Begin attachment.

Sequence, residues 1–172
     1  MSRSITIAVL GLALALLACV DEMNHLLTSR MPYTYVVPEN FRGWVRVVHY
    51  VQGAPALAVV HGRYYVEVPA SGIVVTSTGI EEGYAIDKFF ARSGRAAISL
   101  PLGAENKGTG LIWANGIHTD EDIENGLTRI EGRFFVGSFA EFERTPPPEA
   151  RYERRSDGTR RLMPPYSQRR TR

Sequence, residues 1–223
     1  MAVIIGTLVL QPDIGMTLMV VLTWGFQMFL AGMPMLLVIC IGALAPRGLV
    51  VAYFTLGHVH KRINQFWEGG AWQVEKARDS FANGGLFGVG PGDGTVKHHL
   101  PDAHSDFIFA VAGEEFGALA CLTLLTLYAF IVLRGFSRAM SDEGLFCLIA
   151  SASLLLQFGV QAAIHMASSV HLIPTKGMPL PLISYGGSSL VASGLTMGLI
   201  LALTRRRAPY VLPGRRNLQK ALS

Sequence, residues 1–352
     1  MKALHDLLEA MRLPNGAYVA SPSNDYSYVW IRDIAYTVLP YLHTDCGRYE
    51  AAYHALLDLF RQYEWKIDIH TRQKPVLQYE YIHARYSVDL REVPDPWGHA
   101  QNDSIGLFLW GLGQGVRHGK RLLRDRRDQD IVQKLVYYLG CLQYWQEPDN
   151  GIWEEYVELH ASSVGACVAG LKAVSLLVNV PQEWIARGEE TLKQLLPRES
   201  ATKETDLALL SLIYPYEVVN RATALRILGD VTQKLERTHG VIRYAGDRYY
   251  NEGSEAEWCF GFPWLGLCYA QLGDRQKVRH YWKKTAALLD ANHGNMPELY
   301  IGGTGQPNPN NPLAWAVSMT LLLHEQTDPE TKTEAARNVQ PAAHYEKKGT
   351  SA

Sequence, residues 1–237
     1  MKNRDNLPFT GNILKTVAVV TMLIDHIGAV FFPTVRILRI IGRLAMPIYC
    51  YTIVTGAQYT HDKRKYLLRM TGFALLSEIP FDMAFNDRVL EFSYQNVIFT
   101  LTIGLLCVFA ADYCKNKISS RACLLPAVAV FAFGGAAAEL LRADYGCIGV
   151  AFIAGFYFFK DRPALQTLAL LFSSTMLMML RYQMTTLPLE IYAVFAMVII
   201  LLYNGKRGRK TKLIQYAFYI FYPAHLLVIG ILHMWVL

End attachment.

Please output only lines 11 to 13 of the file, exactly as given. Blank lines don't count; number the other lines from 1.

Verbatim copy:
   201  LALTRRRAPY VLPGRRNLQK ALS

Sequence, residues 1–352
     1  MKALHDLLEA MRLPNGAYVA SPSNDYSYVW IRDIAYTVLP YLHTDCGRYE